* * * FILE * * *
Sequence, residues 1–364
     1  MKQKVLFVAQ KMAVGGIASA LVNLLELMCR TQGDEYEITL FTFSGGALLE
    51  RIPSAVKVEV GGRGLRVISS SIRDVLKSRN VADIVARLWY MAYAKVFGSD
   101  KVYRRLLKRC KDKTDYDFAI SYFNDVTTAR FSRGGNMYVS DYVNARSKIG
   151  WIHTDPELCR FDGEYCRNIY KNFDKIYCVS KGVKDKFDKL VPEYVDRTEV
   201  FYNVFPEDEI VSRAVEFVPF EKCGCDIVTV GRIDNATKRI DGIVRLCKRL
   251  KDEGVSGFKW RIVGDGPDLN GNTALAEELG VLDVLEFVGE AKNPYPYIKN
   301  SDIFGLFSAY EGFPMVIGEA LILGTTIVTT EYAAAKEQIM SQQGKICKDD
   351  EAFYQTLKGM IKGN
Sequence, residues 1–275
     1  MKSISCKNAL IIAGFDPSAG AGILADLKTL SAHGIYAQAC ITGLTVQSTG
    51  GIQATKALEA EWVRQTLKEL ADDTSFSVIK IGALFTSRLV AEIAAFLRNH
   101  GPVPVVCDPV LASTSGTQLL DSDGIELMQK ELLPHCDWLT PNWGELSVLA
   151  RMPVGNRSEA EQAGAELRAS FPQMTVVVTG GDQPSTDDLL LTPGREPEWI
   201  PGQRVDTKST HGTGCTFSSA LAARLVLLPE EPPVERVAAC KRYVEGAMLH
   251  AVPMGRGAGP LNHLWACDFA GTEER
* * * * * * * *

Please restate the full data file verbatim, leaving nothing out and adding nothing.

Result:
Sequence, residues 1–364
     1  MKQKVLFVAQ KMAVGGIASA LVNLLELMCR TQGDEYEITL FTFSGGALLE
    51  RIPSAVKVEV GGRGLRVISS SIRDVLKSRN VADIVARLWY MAYAKVFGSD
   101  KVYRRLLKRC KDKTDYDFAI SYFNDVTTAR FSRGGNMYVS DYVNARSKIG
   151  WIHTDPELCR FDGEYCRNIY KNFDKIYCVS KGVKDKFDKL VPEYVDRTEV
   201  FYNVFPEDEI VSRAVEFVPF EKCGCDIVTV GRIDNATKRI DGIVRLCKRL
   251  KDEGVSGFKW RIVGDGPDLN GNTALAEELG VLDVLEFVGE AKNPYPYIKN
   301  SDIFGLFSAY EGFPMVIGEA LILGTTIVTT EYAAAKEQIM SQQGKICKDD
   351  EAFYQTLKGM IKGN
Sequence, residues 1–275
     1  MKSISCKNAL IIAGFDPSAG AGILADLKTL SAHGIYAQAC ITGLTVQSTG
    51  GIQATKALEA EWVRQTLKEL ADDTSFSVIK IGALFTSRLV AEIAAFLRNH
   101  GPVPVVCDPV LASTSGTQLL DSDGIELMQK ELLPHCDWLT PNWGELSVLA
   151  RMPVGNRSEA EQAGAELRAS FPQMTVVVTG GDQPSTDDLL LTPGREPEWI
   201  PGQRVDTKST HGTGCTFSSA LAARLVLLPE EPPVERVAAC KRYVEGAMLH
   251  AVPMGRGAGP LNHLWACDFA GTEER